The Missouri Department of Motor Vehicles is phasing in a new driver license it says will fight identity theft, make it harder to create fakes, and make it easier to know if the license-holder is old enough to drink. The DMV claims it accomplishes the former by using temperature sensitive ink, ghost images and bar codes. As for the latter, that’s now a simple matter of orientation — they made the license for under-21-year-olds vertical instead of horizontal.
The bad part of the new license is that you won’t be able to get one at a License Bureau office any more. You’ll still go there to fill out your paperwork and have your photo taken — don’t you dare smile! — but you won’t be able to leave with your new ID. Instead, the state will mail it to you a week later in an unmarked envelope. Authorities claim this process will ensure that the address you give them is your actual address, a fact that should be clear from all the documentation you have to present to acquire the license.
Here’s the problem. Getting a driver license is sometimes a time-sensitive problem. Let’s say you’re planning to fly somewhere on Friday. On Wednesday night, you run some errands on the way home from work and then stop somewhere for dinner. The next morning, you notice that your license isn’t in your wallet. It must have fallen out the previous night. You’re going to need that ID tomorrow or you’ll never get through security at the airport. So you call the office, tell them you’ll be a little late, then drive to the License Bureau to get a new ID — which they won’t give you. Good luck convincing the TSA to let you proceed to your gate with the promise that your new license is in the mail.
Same thing when a cop pulls you over for speeding and asks for your license and insurance card. Or when you need your ID to buy some beer for this weekend when your friends come over to watch the NFL playoffs. Or myriad other reasons why you’d need that new license that won’t be yours for more than a week.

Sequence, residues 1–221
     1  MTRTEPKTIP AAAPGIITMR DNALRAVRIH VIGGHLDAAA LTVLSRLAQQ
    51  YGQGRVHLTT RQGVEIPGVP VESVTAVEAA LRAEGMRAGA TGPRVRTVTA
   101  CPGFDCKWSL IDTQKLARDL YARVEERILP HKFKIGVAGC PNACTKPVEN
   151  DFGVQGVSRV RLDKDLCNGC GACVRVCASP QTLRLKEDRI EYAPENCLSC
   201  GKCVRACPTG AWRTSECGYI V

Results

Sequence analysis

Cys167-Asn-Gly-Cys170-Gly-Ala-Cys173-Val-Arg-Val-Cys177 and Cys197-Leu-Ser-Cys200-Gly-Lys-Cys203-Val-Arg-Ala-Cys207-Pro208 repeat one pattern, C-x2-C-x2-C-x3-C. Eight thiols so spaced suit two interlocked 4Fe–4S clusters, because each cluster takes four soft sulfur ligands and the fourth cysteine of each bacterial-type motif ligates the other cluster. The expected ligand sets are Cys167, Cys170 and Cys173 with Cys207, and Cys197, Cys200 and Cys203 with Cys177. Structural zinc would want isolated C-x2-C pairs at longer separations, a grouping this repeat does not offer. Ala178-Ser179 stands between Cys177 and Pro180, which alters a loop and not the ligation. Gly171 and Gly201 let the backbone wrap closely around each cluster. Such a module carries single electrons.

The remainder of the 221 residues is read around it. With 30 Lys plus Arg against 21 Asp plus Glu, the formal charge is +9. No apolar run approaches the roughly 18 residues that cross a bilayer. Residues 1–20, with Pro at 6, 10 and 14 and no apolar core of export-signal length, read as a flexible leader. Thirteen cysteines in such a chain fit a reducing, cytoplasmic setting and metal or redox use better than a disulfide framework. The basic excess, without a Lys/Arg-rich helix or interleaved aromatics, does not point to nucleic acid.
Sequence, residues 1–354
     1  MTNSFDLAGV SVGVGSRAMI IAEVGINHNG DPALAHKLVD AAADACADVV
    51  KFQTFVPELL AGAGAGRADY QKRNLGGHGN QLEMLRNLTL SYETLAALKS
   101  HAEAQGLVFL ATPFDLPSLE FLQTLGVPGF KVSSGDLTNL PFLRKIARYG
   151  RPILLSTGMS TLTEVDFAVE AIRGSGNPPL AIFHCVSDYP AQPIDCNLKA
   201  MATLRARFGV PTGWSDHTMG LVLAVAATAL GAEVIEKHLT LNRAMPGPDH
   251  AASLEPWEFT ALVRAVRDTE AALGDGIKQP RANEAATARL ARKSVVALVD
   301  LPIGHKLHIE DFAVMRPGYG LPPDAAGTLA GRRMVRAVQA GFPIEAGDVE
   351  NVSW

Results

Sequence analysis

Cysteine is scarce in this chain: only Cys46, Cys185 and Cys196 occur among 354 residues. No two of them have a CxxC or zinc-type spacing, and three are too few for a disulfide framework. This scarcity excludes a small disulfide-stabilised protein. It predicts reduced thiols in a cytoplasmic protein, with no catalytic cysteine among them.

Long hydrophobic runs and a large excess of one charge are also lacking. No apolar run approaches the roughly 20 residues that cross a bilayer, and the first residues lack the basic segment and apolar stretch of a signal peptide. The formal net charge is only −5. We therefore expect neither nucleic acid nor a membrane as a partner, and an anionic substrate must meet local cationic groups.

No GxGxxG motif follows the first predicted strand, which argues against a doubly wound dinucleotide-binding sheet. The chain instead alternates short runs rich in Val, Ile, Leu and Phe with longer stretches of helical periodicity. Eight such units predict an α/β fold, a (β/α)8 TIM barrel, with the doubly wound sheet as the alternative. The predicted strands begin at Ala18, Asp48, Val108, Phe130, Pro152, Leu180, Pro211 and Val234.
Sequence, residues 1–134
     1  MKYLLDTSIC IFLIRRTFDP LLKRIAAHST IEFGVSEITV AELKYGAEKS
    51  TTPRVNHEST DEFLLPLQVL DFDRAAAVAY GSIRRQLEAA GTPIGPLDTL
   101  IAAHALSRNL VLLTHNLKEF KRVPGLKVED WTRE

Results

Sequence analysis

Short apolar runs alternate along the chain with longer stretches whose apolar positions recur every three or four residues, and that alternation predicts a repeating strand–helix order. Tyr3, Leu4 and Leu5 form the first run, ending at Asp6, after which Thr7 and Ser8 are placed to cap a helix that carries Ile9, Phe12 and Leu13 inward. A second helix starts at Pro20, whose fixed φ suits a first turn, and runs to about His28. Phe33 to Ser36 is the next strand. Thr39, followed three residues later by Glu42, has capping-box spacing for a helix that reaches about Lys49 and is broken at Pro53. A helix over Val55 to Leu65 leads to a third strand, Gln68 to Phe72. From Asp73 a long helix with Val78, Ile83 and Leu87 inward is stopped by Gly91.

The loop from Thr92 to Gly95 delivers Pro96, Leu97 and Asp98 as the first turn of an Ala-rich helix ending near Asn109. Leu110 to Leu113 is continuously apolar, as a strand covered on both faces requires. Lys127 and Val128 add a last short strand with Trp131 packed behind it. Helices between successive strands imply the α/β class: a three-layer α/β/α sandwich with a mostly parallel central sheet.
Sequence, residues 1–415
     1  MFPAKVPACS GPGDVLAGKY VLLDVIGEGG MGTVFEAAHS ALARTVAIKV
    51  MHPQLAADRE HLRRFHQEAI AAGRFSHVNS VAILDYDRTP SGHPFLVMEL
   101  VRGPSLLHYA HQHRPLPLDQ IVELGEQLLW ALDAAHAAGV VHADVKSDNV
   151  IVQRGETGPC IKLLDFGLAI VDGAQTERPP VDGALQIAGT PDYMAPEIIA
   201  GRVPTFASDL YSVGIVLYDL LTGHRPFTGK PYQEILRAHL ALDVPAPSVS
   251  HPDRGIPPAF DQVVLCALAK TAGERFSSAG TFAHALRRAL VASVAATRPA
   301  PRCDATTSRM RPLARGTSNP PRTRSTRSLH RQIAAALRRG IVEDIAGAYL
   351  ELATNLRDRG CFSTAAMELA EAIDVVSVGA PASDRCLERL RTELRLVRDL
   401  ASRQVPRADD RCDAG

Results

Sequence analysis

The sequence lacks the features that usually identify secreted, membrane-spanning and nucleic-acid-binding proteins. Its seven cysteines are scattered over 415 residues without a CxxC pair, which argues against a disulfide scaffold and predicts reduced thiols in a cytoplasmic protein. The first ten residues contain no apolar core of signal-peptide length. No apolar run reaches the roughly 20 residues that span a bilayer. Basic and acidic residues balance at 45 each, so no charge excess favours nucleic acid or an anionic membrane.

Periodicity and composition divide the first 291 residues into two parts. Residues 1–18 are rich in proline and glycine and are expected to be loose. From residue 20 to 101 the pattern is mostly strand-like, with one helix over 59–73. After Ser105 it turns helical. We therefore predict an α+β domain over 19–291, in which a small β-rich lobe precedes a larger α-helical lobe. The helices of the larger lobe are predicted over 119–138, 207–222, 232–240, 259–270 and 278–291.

And who’s going to pay for the postage to get your license to your home address? I doubt the USPS will do it for free, considering its own budget deficit. The DMV says it’s not raising its standard $10 license fee, but that will have to change after the state pays for the delivery of a million or so in a year.
In trying to solve an identity theft problem that probably isn’t as prevalent as authorities claim, it seems they’ve done some horizontal thinking in a vertical world.
Update at 10:32am…reader Andrew Senger e-mails:
You mentioned providing ID for
traveling and police. The story I read stated you would receive a temporary,
paper license at the DMV. In addition, you get to keep your old identification,
which will be hole-punched and marked VOID. The state says these two documents
will allow you to do the things you need for the next 7 to 10 days. I can’t speak for TSA’s ability to accept the
temp licenses, but I’m sure the police will know the situation, especially in
That wasn’t in either of the stories I read, so I appreciate the information. The hole-punched/voided ID won’t be any use, but hopefully, the temporary version won’t lead to problems.